What a fantastic week weather wise!
I know it is clear sailing for veggie growing when I can have some water fun with the young farmer friends at their school farms.
Earlier this week we wrapped up our spinach eating contests with the kids with some spectacularly hideous green teeth. The top three greenest teeth from each class earned a prize. Maybe your child was one of them? A little competition never hurts anyone and I am just happy to see the students ask for more spinach. Some kids had lots of fun tasting spinach for the very first time.
To date the young farmers in the Delta School District have tasted and planted radish, carrots, peas, lettuce and spinach. There are lots of spuds in the ground as well (thanks Jack Zellwegger) and we are looking forward to eating everything again before the summer break.
The COVID-19 pandemic has presented some logistical maneuvering in terms of eating our vegetables, but the kids are more enthusiastic than ever to be outside and challenged with the math equations associated with farming.
The life cycle of plants and Botany is in plain view every day as are lessons in social studies, history and current events.
Understanding yields and dollar signs is certainly an interesting equation and it has been heartening to watch the interest in the activities continue to grow.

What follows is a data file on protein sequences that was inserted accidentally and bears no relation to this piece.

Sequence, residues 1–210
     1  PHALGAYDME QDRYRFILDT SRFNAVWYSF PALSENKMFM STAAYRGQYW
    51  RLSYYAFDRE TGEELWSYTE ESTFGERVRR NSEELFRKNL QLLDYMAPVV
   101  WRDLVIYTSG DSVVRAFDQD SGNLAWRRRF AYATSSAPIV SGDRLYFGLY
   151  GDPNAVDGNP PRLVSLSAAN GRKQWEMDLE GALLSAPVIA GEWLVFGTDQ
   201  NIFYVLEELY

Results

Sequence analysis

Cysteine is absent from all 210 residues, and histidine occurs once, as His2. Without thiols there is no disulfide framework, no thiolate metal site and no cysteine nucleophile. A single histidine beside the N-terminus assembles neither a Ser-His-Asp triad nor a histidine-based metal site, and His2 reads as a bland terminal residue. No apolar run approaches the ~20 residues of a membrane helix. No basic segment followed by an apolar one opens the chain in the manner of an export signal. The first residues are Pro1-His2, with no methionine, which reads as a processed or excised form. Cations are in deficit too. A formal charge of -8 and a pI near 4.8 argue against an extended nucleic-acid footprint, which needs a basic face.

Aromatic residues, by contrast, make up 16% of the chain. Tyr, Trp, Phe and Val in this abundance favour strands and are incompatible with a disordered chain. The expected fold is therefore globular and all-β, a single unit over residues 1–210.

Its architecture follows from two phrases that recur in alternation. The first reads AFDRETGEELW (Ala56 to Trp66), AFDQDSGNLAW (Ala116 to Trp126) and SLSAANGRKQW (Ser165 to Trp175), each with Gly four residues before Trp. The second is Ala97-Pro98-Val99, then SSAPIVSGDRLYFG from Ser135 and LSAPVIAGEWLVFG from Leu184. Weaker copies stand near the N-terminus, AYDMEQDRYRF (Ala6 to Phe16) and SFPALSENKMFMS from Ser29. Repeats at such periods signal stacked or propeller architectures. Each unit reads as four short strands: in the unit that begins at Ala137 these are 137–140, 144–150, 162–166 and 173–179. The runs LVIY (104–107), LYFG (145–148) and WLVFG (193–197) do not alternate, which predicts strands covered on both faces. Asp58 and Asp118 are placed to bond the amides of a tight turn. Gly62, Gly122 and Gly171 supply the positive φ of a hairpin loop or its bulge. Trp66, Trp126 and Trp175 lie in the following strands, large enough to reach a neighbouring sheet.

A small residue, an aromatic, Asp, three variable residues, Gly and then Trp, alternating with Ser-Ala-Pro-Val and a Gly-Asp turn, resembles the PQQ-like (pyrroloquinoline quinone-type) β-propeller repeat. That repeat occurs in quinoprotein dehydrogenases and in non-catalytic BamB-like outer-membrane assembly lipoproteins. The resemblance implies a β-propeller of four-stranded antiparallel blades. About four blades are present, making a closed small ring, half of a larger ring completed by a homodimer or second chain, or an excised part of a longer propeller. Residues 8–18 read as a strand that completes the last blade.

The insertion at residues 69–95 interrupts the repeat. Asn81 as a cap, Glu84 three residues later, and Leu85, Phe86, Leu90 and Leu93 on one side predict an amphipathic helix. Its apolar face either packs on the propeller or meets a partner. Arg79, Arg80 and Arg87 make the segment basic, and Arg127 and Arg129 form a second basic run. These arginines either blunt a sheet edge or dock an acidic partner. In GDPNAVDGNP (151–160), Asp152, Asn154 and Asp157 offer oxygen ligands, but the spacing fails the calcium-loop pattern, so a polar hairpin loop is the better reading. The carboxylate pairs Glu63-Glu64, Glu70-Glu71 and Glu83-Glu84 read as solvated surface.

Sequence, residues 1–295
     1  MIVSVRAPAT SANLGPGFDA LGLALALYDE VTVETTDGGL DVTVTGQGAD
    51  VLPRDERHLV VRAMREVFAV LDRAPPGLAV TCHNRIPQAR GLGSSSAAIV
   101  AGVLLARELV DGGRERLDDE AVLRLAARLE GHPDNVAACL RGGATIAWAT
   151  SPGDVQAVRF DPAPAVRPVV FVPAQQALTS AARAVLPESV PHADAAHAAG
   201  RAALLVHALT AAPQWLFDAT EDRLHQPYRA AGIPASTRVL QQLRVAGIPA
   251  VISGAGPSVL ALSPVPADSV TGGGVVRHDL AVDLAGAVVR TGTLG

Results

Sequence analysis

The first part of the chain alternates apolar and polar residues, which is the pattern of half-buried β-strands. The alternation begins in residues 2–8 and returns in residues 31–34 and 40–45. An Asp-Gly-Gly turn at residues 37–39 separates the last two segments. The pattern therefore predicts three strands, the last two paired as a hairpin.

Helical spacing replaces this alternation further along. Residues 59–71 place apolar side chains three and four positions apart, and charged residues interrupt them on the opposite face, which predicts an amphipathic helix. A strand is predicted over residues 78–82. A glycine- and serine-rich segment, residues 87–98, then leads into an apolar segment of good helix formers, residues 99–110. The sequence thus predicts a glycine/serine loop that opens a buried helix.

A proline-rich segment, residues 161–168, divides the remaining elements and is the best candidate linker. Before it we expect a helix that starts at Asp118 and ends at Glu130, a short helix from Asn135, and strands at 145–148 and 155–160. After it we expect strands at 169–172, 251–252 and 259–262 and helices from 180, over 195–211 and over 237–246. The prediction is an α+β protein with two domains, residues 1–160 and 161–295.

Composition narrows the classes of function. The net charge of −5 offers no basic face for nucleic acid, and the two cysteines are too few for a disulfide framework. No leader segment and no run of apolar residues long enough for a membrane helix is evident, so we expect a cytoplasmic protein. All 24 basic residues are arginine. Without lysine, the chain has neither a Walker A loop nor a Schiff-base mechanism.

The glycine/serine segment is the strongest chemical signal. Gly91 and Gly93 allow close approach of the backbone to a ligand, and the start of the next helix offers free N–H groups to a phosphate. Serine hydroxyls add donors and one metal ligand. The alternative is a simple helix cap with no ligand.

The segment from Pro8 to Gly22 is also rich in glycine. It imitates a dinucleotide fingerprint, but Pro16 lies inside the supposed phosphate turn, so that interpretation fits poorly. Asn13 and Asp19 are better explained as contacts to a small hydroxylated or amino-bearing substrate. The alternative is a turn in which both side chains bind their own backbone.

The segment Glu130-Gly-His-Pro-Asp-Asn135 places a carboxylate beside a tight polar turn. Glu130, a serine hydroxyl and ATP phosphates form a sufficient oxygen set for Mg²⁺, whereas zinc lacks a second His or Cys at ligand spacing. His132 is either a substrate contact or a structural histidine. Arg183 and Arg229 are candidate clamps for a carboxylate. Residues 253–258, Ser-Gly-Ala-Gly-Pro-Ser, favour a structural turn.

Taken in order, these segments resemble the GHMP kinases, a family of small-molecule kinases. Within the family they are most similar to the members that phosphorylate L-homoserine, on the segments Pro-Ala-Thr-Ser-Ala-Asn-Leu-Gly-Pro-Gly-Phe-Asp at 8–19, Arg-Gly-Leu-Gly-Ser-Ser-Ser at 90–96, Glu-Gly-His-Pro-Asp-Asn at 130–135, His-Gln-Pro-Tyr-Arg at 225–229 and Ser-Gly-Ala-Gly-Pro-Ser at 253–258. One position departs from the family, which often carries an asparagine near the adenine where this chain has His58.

I hear anecdotal evidence that there is farming activity on the home front as well, which is very encouraging indeed. The student farmers love to tell me about what they are growing at home or at grammas house and are thrilled to be able to share their stories.
Food and farming are never short of attention in the news cycle and as we continue to learn and adapt to new realities I have the sense that this will continue to be the case on a larger scale.
Agri-Food and Agri-Tech are fraught with problems and challenges, but as Rudyard Kipling noted, “A problem is an opportunity to succeed.”
The path to success is not necessarily a smooth one, nor is success guaranteed, rather, it is the pursuit of success that should be the main goal. In terms of growing food, successes and failures happen every day and anywhere in the world where food is grown.
Young people who gain an early understanding of the joys and pitfalls of small sale farming will be well suited to understand the bigger picture when they grow up. In the meantime, the life skills they are learning will be useful and will likely be fondly remembered.Mike Schneider is founder of Project Pickle and likes to write about growing, cooking and eating food. He is a Jamie Oliver Food Revolution ambassador.